The Southwestern Historical Quarterly, Volume 21, July 1917 - April, 1918 Page: 24
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The Southwestern Historical Quarterly
passed July 23, 1842, the exchequer bills were receivable at their
market value for customs, direct taxes, and postage.'17 This led
to inequality. The different collectors had the authority to deter-
mine the market price, so the market value varied at the different
ports for the same time. Imports tended to seek those where the
market value was the highest, which tended to unsettle condi-
ditions. This was repealed as applying to direct taxes and post-
age, January 16, 1843, effective February 1, so after that time
customs were receivable in gold, silver, or exchequer bills at their
market value until the passage of the act of February 3, 1845,
prescribing that they should be paid only in gold and silver.""
The act of June 12, 1837, provided for the bonding of duties.
Factors or consignees whose duties amounted to, $500 or more for
one importation were allowed to give bond for the whole amount,
one-half payable in three months, and the other half payable in
six months; duties under $500 and over $100 were to, be paid
in three months; and if under $100 duties were payable only in
cash.177 This provision was repealed on May 9, 1838, however,
the collector being required to sell the goods within 10 days if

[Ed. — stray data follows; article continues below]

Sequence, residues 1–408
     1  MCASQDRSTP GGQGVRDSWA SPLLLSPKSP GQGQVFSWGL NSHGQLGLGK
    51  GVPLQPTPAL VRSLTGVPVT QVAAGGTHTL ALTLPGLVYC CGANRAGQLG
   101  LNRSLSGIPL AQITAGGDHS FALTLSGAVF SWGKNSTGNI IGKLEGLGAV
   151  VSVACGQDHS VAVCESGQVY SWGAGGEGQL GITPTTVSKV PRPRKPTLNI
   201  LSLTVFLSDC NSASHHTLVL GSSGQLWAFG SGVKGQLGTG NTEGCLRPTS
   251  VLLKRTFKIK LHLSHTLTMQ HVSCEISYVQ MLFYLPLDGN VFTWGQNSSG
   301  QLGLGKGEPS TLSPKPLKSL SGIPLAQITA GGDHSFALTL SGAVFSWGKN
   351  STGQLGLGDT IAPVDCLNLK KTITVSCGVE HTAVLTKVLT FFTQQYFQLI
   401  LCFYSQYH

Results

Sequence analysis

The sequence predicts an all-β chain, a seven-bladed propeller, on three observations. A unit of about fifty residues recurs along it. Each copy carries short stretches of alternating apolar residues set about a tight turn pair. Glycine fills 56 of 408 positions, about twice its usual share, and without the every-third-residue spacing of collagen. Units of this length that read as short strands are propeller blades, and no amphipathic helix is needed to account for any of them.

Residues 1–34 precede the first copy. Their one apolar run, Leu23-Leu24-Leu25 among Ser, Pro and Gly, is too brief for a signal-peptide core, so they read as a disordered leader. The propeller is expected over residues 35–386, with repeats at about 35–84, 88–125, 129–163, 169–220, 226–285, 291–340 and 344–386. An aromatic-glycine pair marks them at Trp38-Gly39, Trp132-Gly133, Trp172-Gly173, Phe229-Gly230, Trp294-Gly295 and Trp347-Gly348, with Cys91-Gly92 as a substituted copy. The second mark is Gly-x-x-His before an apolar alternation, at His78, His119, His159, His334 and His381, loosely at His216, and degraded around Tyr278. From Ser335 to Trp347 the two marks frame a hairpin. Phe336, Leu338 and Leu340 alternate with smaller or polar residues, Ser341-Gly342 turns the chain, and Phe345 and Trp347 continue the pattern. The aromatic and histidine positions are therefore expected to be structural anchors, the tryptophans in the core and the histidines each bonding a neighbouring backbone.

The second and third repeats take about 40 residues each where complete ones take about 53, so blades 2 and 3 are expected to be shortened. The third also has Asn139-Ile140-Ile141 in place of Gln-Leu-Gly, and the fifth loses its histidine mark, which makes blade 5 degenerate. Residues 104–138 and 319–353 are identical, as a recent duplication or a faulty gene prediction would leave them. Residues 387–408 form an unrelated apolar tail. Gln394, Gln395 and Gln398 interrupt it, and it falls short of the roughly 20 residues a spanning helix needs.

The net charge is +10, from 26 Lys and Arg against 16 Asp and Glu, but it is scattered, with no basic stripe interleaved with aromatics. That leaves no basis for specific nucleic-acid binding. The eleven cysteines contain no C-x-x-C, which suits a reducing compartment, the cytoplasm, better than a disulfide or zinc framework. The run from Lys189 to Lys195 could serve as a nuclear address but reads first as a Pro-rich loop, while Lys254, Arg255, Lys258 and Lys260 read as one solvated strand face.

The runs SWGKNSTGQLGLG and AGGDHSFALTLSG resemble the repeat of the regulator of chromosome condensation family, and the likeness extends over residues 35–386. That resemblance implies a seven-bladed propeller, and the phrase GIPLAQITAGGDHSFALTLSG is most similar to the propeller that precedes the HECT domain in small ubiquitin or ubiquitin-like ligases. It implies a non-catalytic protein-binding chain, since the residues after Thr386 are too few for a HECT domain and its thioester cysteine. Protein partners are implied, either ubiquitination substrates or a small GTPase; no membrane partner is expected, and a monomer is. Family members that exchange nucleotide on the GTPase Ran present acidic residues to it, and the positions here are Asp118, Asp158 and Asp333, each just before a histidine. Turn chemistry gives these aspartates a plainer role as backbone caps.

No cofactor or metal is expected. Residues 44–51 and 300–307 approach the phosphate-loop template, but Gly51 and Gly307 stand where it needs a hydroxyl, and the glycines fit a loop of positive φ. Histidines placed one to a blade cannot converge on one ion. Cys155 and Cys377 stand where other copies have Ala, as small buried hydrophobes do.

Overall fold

duties were unpaid. 78 It was re-enacted, January 15, 1839,178
and continued in force until the adoption of the warehouse in
The Warehouse Act, February 5, 1840, authorized the secre-
tary of the treasury to provide good and sufficient warehouses in
the ports for warehousing imported goods and goods for exporta-
tion.s80 The Tariff Act of the same date provided for securing
goods in the warehouses. By this act importers were allowed to
leave part of their goods in the warehouse as security for the p.ay-
ment of duties, provided the value of goods left as security was
three times the amount of duties on all goods. If duties remained
unpaid at the end of three months, the collector was instructed
to sell enough goods to pay the duties.'8'
"5Gammel, op. cil., II, 812.
'76Ibid.. II, 866; 1140.
17Ibid., I, 1317.
I78Ibid., I, 1490.
'17lbid., II, 165.
2s-Ibid., II, 226.
1Slybid., II, 210.
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Texas State Historical Association. The Southwestern Historical Quarterly, Volume 21, July 1917 - April, 1918, periodical, 1918; Austin, Texas. (texashistory.unt.edu/ark:/67531/metapth101073/m1/30/: accessed July 26, 2017), University of North Texas Libraries, The Portal to Texas History, texashistory.unt.edu; crediting Texas State Historical Association.